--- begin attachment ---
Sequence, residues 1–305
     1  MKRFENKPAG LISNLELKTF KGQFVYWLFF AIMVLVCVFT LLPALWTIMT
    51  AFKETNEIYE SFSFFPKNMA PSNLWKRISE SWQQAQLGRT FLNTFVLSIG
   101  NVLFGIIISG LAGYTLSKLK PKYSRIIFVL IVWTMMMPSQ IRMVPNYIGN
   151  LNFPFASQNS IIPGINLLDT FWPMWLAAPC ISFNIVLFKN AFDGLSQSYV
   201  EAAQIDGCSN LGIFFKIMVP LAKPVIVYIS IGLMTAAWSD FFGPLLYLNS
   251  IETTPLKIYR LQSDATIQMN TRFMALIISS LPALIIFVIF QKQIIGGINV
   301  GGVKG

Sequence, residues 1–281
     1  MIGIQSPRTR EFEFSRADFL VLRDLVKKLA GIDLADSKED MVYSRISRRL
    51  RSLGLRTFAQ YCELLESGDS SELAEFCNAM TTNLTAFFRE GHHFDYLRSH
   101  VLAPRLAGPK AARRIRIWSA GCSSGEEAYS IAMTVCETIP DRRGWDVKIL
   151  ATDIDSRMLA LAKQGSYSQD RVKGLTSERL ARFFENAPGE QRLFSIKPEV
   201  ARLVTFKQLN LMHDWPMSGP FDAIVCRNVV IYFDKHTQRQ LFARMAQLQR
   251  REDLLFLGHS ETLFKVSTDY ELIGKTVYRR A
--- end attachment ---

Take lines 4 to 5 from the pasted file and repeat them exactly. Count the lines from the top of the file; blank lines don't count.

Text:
   101  NVLFGIIISG LAGYTLSKLK PKYSRIIFVL IVWTMMMPSQ IRMVPNYIGN
   151  LNFPFASQNS IIPGINLLDT FWPMWLAAPC ISFNIVLFKN AFDGLSQSYV